Elias Says ...
A daily glance inside the numbers from the world of sports.
A daily glance inside the numbers from the world of sports:
• Mark Loretta was named to start the All-Star Game at second base; the Red Sox haven't had a starter at that position in a mid-summer classic since Felix Mantilla in 1965. Three teams have an even longer drought than Boston since last placing an All-Star starter at second base. The Athletics have never had one; the White Sox last did it in 1963 (Nellie Fox) and Mets haven't had one since 1964 (Ron Hunt).
• Boston's victory over the Marlins started with a bang: Kevin Youkilis and Hanley Ramirez hit first-inning leadoff home runs, followed by Jason Varitek's blast to begin the top of the second. It was the first game in modern major-league history in which players hit leadoff homers in each of the first three half-innings.
But the game ended quietly, as Jonathan Papelbon notched his 25th save of the season, the most ever for a rookie prior to the All-Star break, surpassing Mike MacDougal's "first-half" total of 24 saves for the 2003 Royals. Papelbon's 25 saves match the most before the break for any Red Sox pitcher; Tom Gordon had 25 in 1998.
• The Cubs won an old-fashioned slugfest, defeating the White Sox 15-11. The Cubs hadn't won a game at Wrigley Field in which their opponent scored at least five runs since a 7-6 victory over the Red Sox more than a year ago (June 11, 2005). In the interim, the Cubs lost 41 home games in which they allowed at least five runs (their last 20 such games in 2005 and their first 21 this year), matching the second-longest streak of that kind for any team in major-league history. The longest was by the Pirates, from 1953 to 1954 (58 straight home losses when allowing five or more runs).
• Both the Red Sox and Twins went 16-2 in interleague play this year, matching the 2002 Athletics (16-2) for the most interleague wins in a season. The only team with a higher single-season winning percentage in interleague games than those three teams (.889) was St. Louis in 2004 (.917, 11-1).
• Ryan Howard hit his 28th home run of the season in the Phillies' 11-6 victory at Toronto. Howard, recalled from the minor leagues last July, has 49 homers during the past year (since July 3, 2005), the most for any NL player over that span (two more than Albert Pujols, who also homered on Sunday). David Ortiz (54) and Jason Giambi (51) paced the majors in homers over the past 365 days.
• "Seven come 11" could refer to Detroit's 9-8 victory at Pittsburgh, when the Tigers (five) and Pirates (six) combined for 11 runs in the seventh inning. It was only the second time in the last 45 years that opposing teams each rolled five or higher in the seventh inning of a game (San Diego at Cincinnati, Sept. 7, 1981).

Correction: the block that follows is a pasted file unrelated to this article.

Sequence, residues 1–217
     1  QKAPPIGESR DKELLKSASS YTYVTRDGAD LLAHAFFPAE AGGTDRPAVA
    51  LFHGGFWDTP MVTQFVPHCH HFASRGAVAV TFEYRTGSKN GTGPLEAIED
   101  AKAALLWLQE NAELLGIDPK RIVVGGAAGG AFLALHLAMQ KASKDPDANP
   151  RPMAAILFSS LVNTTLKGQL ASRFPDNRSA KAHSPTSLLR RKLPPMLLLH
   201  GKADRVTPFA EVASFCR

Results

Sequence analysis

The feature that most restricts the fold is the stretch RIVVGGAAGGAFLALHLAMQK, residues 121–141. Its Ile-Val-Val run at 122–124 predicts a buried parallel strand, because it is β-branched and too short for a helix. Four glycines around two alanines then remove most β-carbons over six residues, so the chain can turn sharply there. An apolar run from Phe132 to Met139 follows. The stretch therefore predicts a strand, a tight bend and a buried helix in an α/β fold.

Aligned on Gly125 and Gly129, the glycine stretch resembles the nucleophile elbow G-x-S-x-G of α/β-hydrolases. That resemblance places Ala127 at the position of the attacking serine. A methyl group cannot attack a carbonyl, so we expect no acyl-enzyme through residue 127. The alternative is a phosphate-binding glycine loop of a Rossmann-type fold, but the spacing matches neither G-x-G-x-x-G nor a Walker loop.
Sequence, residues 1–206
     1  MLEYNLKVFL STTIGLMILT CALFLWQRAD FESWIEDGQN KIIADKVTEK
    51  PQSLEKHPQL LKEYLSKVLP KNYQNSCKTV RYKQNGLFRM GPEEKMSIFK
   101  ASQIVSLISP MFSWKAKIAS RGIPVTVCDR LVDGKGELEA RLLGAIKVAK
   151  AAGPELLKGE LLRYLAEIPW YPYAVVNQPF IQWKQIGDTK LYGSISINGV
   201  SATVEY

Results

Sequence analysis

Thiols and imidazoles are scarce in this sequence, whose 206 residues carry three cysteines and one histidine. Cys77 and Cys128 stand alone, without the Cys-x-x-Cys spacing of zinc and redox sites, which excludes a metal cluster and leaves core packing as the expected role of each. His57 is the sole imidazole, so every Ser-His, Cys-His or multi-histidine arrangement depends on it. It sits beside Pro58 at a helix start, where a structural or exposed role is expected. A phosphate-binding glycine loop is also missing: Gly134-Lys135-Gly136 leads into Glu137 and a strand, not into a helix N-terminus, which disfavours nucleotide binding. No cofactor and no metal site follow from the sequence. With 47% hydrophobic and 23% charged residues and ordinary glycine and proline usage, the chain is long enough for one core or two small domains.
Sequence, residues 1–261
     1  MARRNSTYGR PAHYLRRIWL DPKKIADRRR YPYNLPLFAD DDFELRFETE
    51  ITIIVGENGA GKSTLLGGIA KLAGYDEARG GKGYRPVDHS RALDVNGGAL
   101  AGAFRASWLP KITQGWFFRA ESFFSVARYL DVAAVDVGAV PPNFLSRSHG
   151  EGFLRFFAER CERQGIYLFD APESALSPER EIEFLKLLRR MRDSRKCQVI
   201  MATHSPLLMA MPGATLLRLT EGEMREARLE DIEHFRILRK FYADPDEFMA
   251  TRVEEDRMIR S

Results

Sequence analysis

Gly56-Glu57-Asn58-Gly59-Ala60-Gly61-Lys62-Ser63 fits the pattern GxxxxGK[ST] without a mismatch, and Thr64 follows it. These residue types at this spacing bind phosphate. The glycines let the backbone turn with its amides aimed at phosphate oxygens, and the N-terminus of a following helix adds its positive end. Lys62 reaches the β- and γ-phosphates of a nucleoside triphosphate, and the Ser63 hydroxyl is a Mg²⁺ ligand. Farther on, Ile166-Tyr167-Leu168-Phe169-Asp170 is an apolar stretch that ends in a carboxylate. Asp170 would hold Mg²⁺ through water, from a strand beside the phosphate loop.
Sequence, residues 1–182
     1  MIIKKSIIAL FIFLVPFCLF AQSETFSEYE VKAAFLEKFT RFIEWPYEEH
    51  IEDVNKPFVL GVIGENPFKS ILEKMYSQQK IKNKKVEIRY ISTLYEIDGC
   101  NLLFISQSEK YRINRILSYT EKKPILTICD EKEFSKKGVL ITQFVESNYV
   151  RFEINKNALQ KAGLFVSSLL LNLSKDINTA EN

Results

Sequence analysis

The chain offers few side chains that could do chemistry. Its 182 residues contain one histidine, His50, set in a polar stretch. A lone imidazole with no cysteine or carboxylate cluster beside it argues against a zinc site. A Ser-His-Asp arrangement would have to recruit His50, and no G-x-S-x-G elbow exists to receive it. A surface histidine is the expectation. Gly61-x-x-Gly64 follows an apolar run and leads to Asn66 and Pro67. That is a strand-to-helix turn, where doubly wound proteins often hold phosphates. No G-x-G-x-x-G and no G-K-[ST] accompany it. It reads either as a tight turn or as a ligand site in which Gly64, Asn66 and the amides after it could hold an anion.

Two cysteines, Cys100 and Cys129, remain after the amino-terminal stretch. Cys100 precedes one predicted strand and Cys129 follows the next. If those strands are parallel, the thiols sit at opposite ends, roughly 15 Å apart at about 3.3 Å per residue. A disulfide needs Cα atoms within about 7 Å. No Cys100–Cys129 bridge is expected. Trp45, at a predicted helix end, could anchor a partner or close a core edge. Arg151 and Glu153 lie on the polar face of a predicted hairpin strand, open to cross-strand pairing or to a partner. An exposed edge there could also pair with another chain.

• The Cardinals hung on for a 9-7 win over the Royals, surviving some shaky relief work, again. The St. Louis bullpen has an 8.15 ERA over its last 11 games, and has been charged with at least one run in each of the club's last nine games. Over the last seven seasons (since 2000) there's been only one longer streak of consecutive games in which Cardinals relievers were charged with runs (10 straight games in 2001).
• Kris Benson, starting with three days of rest, was the losing pitcher in the Braves' victory over the Orioles. Benson is the only American League pitcher to start a game on short rest this season (fewer than four days between starts), and he's now done it twice (no decision vs. the Angels on May 28). NL pitchers have started on short rest 12 times this season; only John Smoltz has made two such starts.
• The Giants rallied for five runs with two outs and nobody on base in the seventh inning in their 6-2 victory at San Diego. San Francisco hadn't scored that many runs in an inning in which its first two batters were retired since a seven-run eighth inning under those circumstances on April 7, 1999, in an 8-3 win at Cincinnati.
Shawn Green snapped a ninth-inning tie when he drew an RBI walk from Barry Zito. When was the last time you saw a starting pitcher given enough rope to force in the go-ahead run with a bases-loaded walk that late in a game? No starter had been allowed to do that since Kenny Rogers, for the Yankees, in a 1-0 loss to the Angels in May 1996 -- a ninth-inning walkoff walk to Chili Davis (three years before Rogers, in relief, walked Andruw Jones to end the 1999 NLCS).
• The Rockies defeated the Mariners in 11 innings Sunday, snapping Colorado's streak of seven straight losses in road games of at least 11 innings. It was the Rockies' first road win in a game of that length (or longer) since Aug. 12, 2003 (at Montreal).